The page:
Bulldozer – The Spotted Shrimpgoby

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On Saturday I went out on Richard Jones’ and Pascal Michon’s boat Sanguma  for our regular weekly dive. We motored up to Pig Island  to The Eel Garden, one of the few places where the sea was calm enough to be comfortable. The water was full of particulate matter. That spells trouble for photography, unless you can get very close to the subject. Therefore, all of my images from the dive are shot from a distance of a few inches. Today I want to show you a series of images of the Spotted Shrimpgoby (Amblyeleotris guttata)  and the commensal shrimp (Alpheus ochrostriatus)  that lives with it.

The shrimp goby and the goby shrimp share the same burrow. The burrow is maintained by the shrimp. In return, the goby keeps guard and may provide a source of food. Approached too closely, both will dart back into the burrow.

Here we see the shrimp goby standing guard at the side of the little ditch that is always present running from the burrow to the sand dump. You can also see the goby shrimp pushing a load of sand up out of the burrow:

The goby shrimp shoves the sand along with its head and claws, reminding one of a tiny bulldozer:

When the shrimp reaches the sand dump it pushes the sand up into a little pile at the end of the ditch. If the pile gets too big, it will move off to the side at the end of the ditch and start another pile:

Here we can see the shrimp after it has pushed the sand onto the pile and is getting ready to go backwards down the ditch and back into the tunnel for another load:

The process goes on indefinitely. Its work is never finished.

I enjoyed the dive this week more than last, the first since returning from Australia alone. I was far too unsettled that day. I should not have been diving at all. Faded Glory  is finally back where she belongs. When Rich Jones and I put in a new mooring buoy last week, somebody stole it the first night. So much for our security staff. They are too busy sleeping at night to walk around.

The work load has not diminished noticeably. Trevor Hattersley did help me get a handle on part of it. We will have to have more sessions as I progress until, eventually, I have a handle on my personal finances and the insurance claims are settled. I am looking at these things as challenges, not problems. However, they are big challenges. I haven’t had time to grieve properly or get lonely. All that will come later.

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4 Responses to “Bulldozer – The Spotted Shrimpgoby”

  1. Bron Says:


    My condolences.

    My experience, after the loss of my daughter, was to allow the paper work, being a support for the family, and the legal issues around her daughter, to push the grief into a corner; which eventually I paid a heavy price for. Very touch and go for a period.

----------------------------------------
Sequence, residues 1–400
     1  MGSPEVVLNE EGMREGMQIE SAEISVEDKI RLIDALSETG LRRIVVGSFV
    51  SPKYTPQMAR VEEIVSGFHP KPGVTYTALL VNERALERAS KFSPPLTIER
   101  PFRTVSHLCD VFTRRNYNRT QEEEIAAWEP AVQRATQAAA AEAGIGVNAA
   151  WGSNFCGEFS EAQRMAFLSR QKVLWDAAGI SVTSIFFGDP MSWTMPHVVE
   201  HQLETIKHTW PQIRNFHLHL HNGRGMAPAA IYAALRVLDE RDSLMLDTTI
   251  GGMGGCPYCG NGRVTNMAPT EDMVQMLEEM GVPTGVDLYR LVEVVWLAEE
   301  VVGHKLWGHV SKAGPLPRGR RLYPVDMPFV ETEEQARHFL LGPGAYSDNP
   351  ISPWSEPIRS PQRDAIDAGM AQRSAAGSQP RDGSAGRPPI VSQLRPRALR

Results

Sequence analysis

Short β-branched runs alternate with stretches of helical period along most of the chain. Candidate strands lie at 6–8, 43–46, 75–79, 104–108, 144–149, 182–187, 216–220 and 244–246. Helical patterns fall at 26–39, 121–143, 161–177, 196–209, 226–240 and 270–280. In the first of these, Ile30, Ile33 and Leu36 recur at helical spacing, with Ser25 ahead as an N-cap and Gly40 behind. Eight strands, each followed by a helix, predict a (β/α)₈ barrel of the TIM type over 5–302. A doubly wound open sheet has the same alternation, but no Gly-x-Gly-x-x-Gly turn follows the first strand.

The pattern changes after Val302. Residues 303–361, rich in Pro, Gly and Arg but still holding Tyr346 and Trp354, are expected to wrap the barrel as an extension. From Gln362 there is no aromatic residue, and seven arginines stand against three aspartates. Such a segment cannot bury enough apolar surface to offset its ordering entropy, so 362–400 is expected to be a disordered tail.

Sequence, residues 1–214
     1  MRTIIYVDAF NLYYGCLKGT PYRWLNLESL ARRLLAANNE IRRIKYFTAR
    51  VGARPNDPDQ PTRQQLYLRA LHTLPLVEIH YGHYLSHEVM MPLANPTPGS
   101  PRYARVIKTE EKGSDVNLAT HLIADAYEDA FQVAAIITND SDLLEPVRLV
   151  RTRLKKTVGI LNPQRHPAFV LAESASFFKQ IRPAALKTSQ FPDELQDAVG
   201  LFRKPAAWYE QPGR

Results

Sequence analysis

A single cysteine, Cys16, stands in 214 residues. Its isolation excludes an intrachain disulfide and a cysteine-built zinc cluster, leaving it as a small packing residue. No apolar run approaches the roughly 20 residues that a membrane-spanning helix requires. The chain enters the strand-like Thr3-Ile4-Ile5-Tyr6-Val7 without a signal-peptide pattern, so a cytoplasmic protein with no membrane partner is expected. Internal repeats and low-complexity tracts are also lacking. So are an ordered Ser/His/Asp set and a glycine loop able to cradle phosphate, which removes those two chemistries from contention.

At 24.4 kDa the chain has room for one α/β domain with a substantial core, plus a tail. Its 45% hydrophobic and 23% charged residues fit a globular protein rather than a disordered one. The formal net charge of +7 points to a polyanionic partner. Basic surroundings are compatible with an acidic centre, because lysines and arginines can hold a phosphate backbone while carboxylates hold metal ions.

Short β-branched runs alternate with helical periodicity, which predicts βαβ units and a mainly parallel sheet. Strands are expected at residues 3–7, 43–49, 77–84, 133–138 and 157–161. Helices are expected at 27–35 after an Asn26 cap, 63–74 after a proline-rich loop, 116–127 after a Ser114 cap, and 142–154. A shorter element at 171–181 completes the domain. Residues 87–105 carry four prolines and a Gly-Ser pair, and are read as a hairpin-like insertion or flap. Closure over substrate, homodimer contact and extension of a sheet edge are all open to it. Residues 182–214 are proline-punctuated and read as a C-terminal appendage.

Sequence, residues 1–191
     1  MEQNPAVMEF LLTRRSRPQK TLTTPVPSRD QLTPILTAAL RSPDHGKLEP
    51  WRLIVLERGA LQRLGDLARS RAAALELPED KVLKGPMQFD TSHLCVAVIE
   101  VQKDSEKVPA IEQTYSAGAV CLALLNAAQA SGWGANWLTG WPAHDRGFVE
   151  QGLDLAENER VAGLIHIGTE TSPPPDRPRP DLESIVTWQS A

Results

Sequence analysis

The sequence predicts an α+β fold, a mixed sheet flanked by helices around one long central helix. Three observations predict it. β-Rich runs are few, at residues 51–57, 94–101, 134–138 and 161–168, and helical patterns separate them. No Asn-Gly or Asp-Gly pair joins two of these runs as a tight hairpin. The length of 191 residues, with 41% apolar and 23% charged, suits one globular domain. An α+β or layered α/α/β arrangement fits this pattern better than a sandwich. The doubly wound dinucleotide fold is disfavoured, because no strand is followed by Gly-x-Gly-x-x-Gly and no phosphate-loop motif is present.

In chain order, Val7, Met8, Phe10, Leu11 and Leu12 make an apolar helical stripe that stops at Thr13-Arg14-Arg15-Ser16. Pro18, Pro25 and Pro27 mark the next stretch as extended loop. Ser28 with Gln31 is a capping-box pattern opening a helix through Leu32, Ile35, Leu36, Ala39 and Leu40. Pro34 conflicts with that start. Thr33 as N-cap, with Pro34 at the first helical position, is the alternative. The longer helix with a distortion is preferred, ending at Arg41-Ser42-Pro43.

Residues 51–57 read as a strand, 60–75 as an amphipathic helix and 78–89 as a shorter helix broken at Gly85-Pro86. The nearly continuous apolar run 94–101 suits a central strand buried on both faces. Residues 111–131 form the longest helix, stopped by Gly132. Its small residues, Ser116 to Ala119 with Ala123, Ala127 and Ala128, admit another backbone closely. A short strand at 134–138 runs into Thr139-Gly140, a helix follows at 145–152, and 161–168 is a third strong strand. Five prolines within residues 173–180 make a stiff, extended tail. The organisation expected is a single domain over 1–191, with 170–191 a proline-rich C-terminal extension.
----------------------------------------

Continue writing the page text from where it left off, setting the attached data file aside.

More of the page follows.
Now, I know for me, that grief suppressed will fester. We all deal with things differently, but I do believe that it is very important to grieve for our losses. I think the Jewish tradition of a year of mourning is very valid.

    Best wishes!


  2. MadDog Says:

    Bron, thanks for your condolences. Your comment interests me, because that is exactly what I am doing allowing my grief to be pushed aside. At sixty-six years old I have never lost one to whom I was very close. When my brother died and then my father, I was not deeply affected, because I was not close to either of them. Now my wife of forty-six years, to whom I was joined at the brain and in every other way, is gone. Most of the paperwork simply can’t wait. I know that to be true. Every week it sits undone brings me closer to more ruin than I’m already experiencing – total ruin.

    However, I am already experiencing the results of delayed grieving. I think that it is contributing to the physical symptoms I am experiencing. I know that I can’t let it go much longer. My plan is to get through the worst of the paperwork – the things which can’t wait – and then take some time off some place where friends can look after me and let myself go. I don’t know what will happen, but I know that I need it.

    This is all so new to me.

    This is all new to me.

  3. Bron Says:

    Jan, A lot of experience with loss has not lead to a lot of wisdom as to how to deal with it. I do know that it needs to be dealt with, though, I was in my mid fifties before I started to understand that. Do take advantage of the support and friends you have; don’t be afraid to ask for help, and again, best wishes.


  4. MadDog Says:

    Bron, thanks for your comment. Even at sixty-six, I had no previous experience with deep grief. I now have plenty of experience and it’s still coming in waves. I’m dealing with it as it comes. It seems that there is no choice.